labour laws

labour laws

  • Unemployed and Uninformed

    The unemployed seldom know why they are unemployed. They are unlikely to realise that they would be employed if labour law barriers were removed or relaxed.

    They can, on the other hand, from harsh personal experience, relate more directly to policies that protect those fortunate enough to have jobs from a similar fate. The unemployed masses are unlikely to realise, without it being explained by honest and informed political leaders, that improving pay and conditions of employment for people with jobs comes at the expense of people without jobs. It also comes at the expense of consumers, especially the poor (for whom prices are driven upwards), and at the expense of society at large (for whom prosperity is curtailed). In the context of nebulous and reckless calls for ‘nationalisation’, the unemployed are especially vulnerable. No one ever explains by what process or mechanism changing ownership from people who created real jobs (investors), to ones who did not (bureaucrats), should benefit anyone other than a handful of new undeserving super-elites.

    This analysis has focused primarily on flexibility of demand, that is, the degree to which the cost of employing people affects the propensity to employ. On the other side is flexibility of supply, the propensity to work in response to wages and working conditions.

    When there is full or near-full employment, job-seekers have a seller’s market and there is little need to be concerned about ‘exploitation’ because workers can pick and choose without the risk of unemployment. Employers have to compete for labour, which drives wages and working conditions upwards.

    Under conditions of widespread destitution, such as we have in South Africa, supply is substantial, flexibility of supply is low, and workers have less ‘bargaining power’. They have to accept almost any employment they can get, which means that they are more likely to be ‘exploited’ (‘starvation wages’ and harsh working conditions). This increases the likelihood of labour laws to protect workers, but decreases the likelihood of barriers to employment being removed for the unemployed.

    - Leon Louw is the Executive Director of the Free Market Foundation. This article first appeared on the Free Market Foundation (FMF) website. It is republished here with the permission of FMF.

  • SA Laws Not to Blame for Increasing Unemployment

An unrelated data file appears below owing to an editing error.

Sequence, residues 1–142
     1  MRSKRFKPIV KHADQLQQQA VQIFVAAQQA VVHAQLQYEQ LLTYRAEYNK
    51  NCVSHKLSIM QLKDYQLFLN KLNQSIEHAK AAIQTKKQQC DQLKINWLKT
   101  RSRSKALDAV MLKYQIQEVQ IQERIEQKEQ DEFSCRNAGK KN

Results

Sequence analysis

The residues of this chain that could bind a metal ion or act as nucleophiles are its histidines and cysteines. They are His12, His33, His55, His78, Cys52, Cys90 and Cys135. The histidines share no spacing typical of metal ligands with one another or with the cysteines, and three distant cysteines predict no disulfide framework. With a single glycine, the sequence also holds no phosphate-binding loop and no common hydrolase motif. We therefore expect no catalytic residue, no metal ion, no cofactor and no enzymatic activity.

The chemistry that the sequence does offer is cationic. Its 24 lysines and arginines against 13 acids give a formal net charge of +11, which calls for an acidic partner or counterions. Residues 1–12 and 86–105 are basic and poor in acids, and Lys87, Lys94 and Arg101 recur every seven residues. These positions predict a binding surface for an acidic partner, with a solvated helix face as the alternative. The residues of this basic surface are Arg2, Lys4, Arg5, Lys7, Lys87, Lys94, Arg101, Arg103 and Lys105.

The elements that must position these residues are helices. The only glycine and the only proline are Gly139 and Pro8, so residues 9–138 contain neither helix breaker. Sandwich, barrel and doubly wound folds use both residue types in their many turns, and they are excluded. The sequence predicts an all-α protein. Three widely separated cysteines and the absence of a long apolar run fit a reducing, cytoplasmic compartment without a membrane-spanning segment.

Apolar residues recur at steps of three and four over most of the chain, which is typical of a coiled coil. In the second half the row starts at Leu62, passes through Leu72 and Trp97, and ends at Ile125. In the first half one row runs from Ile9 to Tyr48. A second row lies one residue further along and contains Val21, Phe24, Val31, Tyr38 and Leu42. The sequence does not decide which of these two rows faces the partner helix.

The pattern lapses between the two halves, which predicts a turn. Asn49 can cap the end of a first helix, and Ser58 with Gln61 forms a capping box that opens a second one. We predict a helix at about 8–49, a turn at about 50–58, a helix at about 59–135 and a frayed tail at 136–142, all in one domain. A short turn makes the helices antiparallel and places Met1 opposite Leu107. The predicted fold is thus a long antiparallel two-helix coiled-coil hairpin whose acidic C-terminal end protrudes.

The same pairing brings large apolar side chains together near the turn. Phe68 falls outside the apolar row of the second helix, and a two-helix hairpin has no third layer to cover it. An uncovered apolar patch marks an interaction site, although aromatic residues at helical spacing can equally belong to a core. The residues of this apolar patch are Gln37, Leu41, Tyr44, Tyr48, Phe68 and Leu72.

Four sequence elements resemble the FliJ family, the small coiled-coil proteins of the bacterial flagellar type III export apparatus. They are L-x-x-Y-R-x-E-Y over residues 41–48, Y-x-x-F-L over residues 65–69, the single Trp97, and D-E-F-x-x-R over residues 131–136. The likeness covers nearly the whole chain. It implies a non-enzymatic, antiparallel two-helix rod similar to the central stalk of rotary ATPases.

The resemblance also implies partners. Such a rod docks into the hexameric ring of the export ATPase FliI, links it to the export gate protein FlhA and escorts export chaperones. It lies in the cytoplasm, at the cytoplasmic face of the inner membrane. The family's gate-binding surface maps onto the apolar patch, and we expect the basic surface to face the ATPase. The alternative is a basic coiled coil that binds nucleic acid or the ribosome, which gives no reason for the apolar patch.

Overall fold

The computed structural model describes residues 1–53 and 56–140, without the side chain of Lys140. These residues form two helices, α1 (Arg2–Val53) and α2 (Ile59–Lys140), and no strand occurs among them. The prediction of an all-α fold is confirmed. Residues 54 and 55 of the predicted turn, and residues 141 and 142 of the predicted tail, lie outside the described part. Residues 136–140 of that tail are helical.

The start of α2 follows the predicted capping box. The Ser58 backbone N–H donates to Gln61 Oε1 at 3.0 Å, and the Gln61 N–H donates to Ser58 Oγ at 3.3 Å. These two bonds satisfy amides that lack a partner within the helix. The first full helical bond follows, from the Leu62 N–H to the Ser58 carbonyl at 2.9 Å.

The International Labour Organisation (ILO) says that labour market regulations in South Africa are not to blame for the country’s high unemployment.

    ILO Southern Africa director, Vic van Vuuren, identified education challenges, a skills mismatch, an inadequate focus on entrepreneurship and small business, as well as the economic slowdown, as the main contributing factors to unemployment.

    "When we look at our labour laws and we analyse them and compare them to other best-practice countries, I don’t think we have a rigid labour market that is preventing youth employment or employment in general," explains van Vuuren.

    To read the article titled, “Labour regulations not too rigid, says ILO head,” click here.

    Business Day Live
  • Call for Legal Status for Domestic Workers

    While compliance with legislation guaranteeing the rights of domestic workers has seen a steady climb in South Africa, many employers are still not complying.

    According to a labour consultant and CEO of Emergence Growth Services, Yendor Felgate, reasons for the slow rate of employer compliance with the Basic Conditions of Employment Act and the Occupational Health and Safety Act are often due to ignorance.

    Felgate explains: "Our research into why so many employers fail to legalise their domestic service arrangements indicates that while most employers are keen to do the right thing, few are aware that their two-day-a-week domestic worker qualifies as an employee."

    To read the article titled, “Call for legal status for domestics,” click here.

  • South Africa’s Job Targets Welcomed

    The International Labour Organisation (ILO) has praised South Africa’s decision to set job creation targets.

    However, ILO is concerned that the country remains internationally uncompetitive, particularly against the Asian countries against which it competes with in terms of labour.

    ILO South African director, Vic van Vuuren, says that amendments to SA’s labour legislation are taking too long to be finalised. Van Vuuren further states that the country’s labour laws do not require overhauls but rather that business and the government focus more directly on job creation.

    To read the article titled, “SA still not doing enough to create jobs — ILO,” click here.

    Business Day
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